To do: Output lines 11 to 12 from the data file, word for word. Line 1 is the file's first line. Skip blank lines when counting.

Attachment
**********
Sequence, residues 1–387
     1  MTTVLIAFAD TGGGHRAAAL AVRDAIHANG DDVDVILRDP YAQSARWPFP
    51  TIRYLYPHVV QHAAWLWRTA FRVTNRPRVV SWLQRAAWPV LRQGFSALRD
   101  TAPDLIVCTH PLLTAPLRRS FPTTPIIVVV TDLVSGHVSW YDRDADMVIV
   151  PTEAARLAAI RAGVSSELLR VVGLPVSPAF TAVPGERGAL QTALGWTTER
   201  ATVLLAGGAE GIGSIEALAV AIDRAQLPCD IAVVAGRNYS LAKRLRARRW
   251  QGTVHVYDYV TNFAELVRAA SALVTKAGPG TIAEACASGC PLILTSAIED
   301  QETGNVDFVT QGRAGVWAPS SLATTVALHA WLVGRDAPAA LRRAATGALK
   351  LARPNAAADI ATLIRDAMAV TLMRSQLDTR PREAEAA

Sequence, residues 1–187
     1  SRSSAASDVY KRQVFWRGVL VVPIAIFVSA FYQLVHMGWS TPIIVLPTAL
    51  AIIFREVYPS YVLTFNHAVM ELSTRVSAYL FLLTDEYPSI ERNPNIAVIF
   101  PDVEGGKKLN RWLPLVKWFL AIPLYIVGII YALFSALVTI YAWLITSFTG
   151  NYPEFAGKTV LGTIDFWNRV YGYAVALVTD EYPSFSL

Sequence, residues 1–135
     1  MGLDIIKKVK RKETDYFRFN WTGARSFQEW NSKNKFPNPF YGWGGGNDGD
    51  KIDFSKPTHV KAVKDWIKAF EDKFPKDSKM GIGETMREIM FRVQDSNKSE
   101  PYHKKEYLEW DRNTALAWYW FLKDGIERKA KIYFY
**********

     1  SRSSAASDVY KRQVFWRGVL VVPIAIFVSA FYQLVHMGWS TPIIVLPTAL
    51  AIIFREVYPS YVLTFNHAVM ELSTRVSAYL FLLTDEYPSI ERNPNIAVIF